Sergt. Lester Archer,* of the Ninety-sixth New York, has honorable mention for his gallantry in placing the colors of his regiment on Battery Harrison. There is a generous rivalry between the color bearers of the Eighth Connecticut and the Ninety-sixth New York as to which were the first in planting their colors-so nearly equal were they that it is difficult to say which were in advance. May that rivalry always continue.
Captain Enoch W. Goss, of the Thirteenth New Hampshire Volunteers, is commended for leading the skirmish line and the capture of prisoners and battle-flags after the enemy's charge of the 30th, in which 18 commissioned officers and 209 men were captured.
Actg. Adjt. Walter P. Long, Twenty-first Connecticut Volunteers, is recommended to His Excellency the Governor of Connecticut for promotion for gallantry planting his colors among the first on the rebel fortifications.
Corpl. F. Clarance Buck,* Company A, Twenty-first Connecticut (sharpshooters battalion), is recommended to the Secretary of War for a medal for courage. Although wounded in the arm, he refused to leave the field until the engagement closed. In addition he will have his warrant as sergeant.
Captain Cecil Clay,* Fifty-eighth Pennsylvania Volunteers, has honorable mention. His color bearer being shot, he planted his colors on the fortifications of Battery Harrison, and was severely wounded in the act. He is recommended to His Excellency the Governor of Pennsylvania for promotion.
Sergt. Patterson T. Campbell, Company F, Fifty-eighth Pennsylvania, is noticed as capturing the first prisoner in the fort-a rebel captain. He is promoted to a lieutenancy in the colored troops.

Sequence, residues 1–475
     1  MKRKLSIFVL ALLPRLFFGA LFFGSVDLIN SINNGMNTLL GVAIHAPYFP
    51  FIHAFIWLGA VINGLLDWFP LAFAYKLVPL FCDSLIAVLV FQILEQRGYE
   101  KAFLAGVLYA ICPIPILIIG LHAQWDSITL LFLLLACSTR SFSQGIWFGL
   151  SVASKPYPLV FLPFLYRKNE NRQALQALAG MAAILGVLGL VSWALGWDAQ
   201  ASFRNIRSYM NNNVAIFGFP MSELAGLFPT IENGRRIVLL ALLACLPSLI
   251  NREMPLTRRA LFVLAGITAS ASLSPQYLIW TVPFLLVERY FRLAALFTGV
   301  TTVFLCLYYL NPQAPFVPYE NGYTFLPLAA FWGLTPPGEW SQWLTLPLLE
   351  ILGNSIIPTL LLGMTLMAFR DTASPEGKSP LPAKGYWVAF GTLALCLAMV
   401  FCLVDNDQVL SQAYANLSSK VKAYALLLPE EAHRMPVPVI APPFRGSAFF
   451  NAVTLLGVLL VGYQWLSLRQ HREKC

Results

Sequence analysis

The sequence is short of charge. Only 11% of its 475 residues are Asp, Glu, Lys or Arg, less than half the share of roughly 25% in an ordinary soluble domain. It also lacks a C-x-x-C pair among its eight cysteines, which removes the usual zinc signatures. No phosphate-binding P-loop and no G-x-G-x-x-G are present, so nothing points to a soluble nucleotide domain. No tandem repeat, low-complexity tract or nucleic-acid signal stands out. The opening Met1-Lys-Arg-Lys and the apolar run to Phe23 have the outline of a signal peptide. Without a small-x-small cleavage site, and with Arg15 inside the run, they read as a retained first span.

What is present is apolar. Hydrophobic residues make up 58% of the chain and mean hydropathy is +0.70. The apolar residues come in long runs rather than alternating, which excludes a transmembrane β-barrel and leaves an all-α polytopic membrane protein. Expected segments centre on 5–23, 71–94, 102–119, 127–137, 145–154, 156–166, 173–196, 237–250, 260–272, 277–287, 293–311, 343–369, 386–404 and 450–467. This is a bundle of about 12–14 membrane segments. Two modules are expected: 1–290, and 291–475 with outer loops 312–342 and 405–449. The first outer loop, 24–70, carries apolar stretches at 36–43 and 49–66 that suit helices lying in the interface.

Sergt. Nathaniel A. McKnown,* Company B, Fifty-eighth Pennsylvania, advanced in front of our lines after the repulse of the enemy, capturing a rebel battle-flag under severe picket-fire. He is recommended to the Secretary of War for a medal for gallantry. Sergeant McKnown is promoted for good conduct to a lieutenant in the Sixth U. S. Colored Troops.
Corpl. Samuel Clapper, Company D, One hundred and eighty-eighth Pennsylvania, is recommended for a medal for gallant services in bringing off the colors of the Ninety-second New York-its own color-sergeant being wounded.
Corpl. Charles Blucher,* Company H, One hundred and eighty-eighth Pennsylvania, planted the first national colors on the fortifications in the charge of September 29. He is recommended to the Secretary of War for a medal for gallantry, and will have the warrant of a sergeant.
Corpl. William Graul,* Company I, One hundred and eighty-eighth Pennsylvania, first planted the colors of his State on the fortifications of the enemy. He is recommended for a medal for gallant conduct.
Theodore Kramer,* Company G, One hundred and eighty-eighth Pennsylvania, took one of the first prisoners, a captain, in the charge of the 29th, and is recommended to the Secretary of War for a medal.
Sergt. William E. Gibson, Company K, Sergt. John Flanagan, Company I, and Sergt. Frank M. Hawley, Company B, One hundred and
*Awarded a Medal of Honor.